I recently read an article (I wish I could find it…) asking people if they are happier now than they were 5 years ago. In general, people said yes. Then it asked if people think they’ll be happier in 5 years than they are now. Almost all of them said no, that they didn’t believe they could be happier than they were currently. Even when pointing out that they were happier now than in the past, people had a hard time believing that they could be happier in the future. -Weird.

    This is my favorite article you’ve written. Great job. 🙂

    • Awww, thanks Alison.

      That’s such a great insight. Sometimes we put limitations on our own ability to experience happiness. So glad you liked this one. Hopefully more good stuff will come out of my brain soon to share.

    • VinceLin

      Time exponentially increases the depth of the emotions and relationship, I know for sure that I will was happier the longer I knew my last girlfriend

  • Mari Upthegrove

    I always choose faith over fear, but it has not worked out for me so far. However, I refuse to be a cynic. I hope someday my mate will come along, but in the meantime I refuse to lose faith in love. I know it’s real.

  • Pop

    I love this article! This rings so true (unfortunately)!!! We are ruled by fear. Everyone seem so scared to feel nowadays, to open up to love, fully and whole heartedly, and there are so many amazing but lonely people suffering due to this fear. It’s just stupid and a waste of precious time that one could be sharing with another amazing person right now. Warms my heart and gives me hope when reading your blog – thank you and please keep on spreading the word – let’s start a Love revolution!

  • Lady

    I love this project so much. Thank you for embarking on this journey to resurrect the concept of true love 🙂 This topic is very interesting to me because until recently, I was in a long-term relationship with someone who was consistently plagued by doubt and uncertainty about our future. I loved him very much, and I know he loved me too, but in the end, the relationship became toxic as the amount of doubt he felt eclipsed the faith I could reasonably hold onto. I chose to leave, and I still struggle, on occasion, with the question of whether or not I gave in too easily. But as I’ve thought about it (and reflected on this post), I realize that the decision to honor faith over fear applies as much to building peace and stability within oneself as it does to taking a chance on a partnership. I can’t say I imagined I’d be single again, but in the end, I chose faith in my ability to thrive on my own over the fear of being without him or our projected future. In that way, I too am choosing “love, emotional safety, deep connection” [with myself and hopefully someday soon, my future partner] over “certainty,” even if the “certainty” I left behind had a great deal of uncertainty built into it too 🙂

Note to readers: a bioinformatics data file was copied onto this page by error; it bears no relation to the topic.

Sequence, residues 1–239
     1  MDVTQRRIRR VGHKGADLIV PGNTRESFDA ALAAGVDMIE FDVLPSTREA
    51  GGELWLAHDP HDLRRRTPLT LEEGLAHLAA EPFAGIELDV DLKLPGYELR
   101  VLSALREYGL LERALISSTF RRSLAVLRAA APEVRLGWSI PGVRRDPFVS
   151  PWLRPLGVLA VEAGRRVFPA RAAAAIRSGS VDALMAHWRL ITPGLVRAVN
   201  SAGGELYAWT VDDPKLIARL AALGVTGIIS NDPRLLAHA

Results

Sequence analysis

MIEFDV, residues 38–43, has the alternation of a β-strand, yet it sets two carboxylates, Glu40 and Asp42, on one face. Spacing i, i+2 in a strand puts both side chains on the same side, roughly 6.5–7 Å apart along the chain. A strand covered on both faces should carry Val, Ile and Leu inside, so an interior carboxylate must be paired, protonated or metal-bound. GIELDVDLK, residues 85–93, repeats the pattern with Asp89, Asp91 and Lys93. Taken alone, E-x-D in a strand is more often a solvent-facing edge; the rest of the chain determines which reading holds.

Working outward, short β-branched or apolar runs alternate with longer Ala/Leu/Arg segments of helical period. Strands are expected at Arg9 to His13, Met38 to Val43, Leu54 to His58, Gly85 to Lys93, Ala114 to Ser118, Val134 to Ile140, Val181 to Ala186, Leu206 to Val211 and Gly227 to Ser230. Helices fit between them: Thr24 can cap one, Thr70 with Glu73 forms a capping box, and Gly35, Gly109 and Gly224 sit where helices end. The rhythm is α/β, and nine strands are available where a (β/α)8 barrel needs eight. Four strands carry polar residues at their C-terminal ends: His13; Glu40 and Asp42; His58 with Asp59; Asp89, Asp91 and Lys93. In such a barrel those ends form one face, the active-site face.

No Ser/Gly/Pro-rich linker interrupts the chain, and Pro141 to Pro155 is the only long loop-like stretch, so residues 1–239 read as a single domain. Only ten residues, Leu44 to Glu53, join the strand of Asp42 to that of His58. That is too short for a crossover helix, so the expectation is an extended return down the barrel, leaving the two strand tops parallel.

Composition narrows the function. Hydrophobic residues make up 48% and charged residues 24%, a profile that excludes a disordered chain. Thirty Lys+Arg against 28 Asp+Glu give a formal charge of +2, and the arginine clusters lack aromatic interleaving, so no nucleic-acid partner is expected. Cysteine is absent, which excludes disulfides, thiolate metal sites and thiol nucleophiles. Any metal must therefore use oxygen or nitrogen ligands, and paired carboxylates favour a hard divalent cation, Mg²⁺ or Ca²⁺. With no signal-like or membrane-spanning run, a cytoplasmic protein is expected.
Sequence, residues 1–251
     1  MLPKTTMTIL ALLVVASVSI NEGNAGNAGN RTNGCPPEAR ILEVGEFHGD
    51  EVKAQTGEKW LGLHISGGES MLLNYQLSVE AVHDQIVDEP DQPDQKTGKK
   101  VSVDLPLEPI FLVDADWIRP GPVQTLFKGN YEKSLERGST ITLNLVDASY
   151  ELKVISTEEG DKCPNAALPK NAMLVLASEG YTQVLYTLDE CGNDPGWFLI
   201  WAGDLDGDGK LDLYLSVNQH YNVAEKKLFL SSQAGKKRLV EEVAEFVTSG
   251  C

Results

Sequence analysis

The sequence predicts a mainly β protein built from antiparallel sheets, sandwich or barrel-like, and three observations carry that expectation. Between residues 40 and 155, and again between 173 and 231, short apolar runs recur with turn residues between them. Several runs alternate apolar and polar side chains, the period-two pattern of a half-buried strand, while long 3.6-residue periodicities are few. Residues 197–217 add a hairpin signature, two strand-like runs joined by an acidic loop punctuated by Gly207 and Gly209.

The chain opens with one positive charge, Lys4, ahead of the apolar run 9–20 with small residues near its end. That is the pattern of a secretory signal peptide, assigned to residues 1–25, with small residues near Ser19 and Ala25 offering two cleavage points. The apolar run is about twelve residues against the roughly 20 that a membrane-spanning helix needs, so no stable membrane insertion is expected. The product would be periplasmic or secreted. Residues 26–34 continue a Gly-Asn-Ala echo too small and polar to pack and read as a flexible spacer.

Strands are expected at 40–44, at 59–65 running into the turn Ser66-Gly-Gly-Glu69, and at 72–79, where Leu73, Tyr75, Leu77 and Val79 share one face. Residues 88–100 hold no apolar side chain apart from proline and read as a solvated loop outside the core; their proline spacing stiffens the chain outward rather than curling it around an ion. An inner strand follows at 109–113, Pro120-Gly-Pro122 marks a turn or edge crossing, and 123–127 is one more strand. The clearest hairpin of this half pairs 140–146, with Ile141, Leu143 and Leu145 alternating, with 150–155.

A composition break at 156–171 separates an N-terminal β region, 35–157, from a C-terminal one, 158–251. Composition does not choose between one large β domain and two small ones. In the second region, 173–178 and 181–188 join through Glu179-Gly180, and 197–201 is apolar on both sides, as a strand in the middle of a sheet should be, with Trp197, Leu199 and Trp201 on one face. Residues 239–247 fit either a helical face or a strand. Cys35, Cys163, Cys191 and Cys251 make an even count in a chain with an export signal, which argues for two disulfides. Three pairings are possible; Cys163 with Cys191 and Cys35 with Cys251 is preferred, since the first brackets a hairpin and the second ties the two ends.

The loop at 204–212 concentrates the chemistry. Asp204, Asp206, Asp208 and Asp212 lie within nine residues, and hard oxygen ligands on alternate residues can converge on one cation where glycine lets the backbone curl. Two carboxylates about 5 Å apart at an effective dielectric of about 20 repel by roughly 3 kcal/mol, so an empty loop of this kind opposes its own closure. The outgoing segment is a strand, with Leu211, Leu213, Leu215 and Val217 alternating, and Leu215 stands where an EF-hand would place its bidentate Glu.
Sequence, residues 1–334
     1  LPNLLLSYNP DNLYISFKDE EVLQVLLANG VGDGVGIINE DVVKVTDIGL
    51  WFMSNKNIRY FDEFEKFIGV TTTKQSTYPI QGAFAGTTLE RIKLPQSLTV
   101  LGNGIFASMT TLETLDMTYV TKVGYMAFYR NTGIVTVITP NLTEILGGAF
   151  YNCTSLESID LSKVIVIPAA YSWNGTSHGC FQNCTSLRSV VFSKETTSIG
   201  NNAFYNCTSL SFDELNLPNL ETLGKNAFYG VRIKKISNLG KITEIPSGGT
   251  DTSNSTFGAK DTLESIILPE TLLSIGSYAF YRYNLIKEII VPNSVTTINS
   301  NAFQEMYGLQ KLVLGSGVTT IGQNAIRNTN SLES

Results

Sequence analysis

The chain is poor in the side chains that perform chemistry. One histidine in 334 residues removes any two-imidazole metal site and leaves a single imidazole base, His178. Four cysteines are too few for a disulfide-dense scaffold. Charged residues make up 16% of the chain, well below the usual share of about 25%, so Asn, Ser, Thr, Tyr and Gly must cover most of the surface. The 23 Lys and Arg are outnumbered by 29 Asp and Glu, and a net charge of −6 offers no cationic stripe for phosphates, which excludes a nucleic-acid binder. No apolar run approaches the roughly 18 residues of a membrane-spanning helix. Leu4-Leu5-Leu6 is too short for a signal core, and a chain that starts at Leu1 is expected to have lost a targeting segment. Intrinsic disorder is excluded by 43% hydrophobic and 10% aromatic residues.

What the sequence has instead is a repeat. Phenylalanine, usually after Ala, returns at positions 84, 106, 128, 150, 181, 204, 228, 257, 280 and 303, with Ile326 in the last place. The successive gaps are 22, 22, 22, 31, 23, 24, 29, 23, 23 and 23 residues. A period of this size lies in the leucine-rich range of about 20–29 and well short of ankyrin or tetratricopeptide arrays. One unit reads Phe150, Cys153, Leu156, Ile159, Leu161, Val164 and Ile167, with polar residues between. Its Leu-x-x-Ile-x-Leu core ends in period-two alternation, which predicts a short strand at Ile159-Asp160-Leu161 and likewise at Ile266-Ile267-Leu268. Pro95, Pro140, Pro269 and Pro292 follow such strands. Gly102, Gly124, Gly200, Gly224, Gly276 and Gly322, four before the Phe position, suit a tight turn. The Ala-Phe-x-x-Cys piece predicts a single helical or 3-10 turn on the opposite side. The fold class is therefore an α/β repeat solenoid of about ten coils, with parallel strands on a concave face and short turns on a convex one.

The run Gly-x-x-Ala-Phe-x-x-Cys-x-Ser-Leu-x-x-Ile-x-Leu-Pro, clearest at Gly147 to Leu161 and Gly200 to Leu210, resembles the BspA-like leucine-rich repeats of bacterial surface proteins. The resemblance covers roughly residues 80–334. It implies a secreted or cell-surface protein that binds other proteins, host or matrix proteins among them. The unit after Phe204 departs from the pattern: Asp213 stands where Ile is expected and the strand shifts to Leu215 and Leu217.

And to answer your prompts in the end, I absolutely do believe you need to have faith in a healthy relationship, just as long as your faith doesn’t blind you to seeing the whole person in front of you (ironically, too much doubt can cause similar blindness). I also think that we should accept that doubt and uncertainty will always be present even in the most compatible match. Fear of missing out on “someone better,” fear of getting hurt or becoming stuck, fear of being disappointed, etc. are all major obstacles to modern love. I wished more than anything that my ex could have understood that commitment in love is made in the presence of doubt, not in the absence of it. But I’ve learned that it’s not something you can convince someone of—we all learn it at our pace, on our own.

    • Brandon

      “I wished more than anything that my ex could have understood that commitment in love is made in the presence of doubt, not in the absence of it.” Wow. What a quote. Thank you.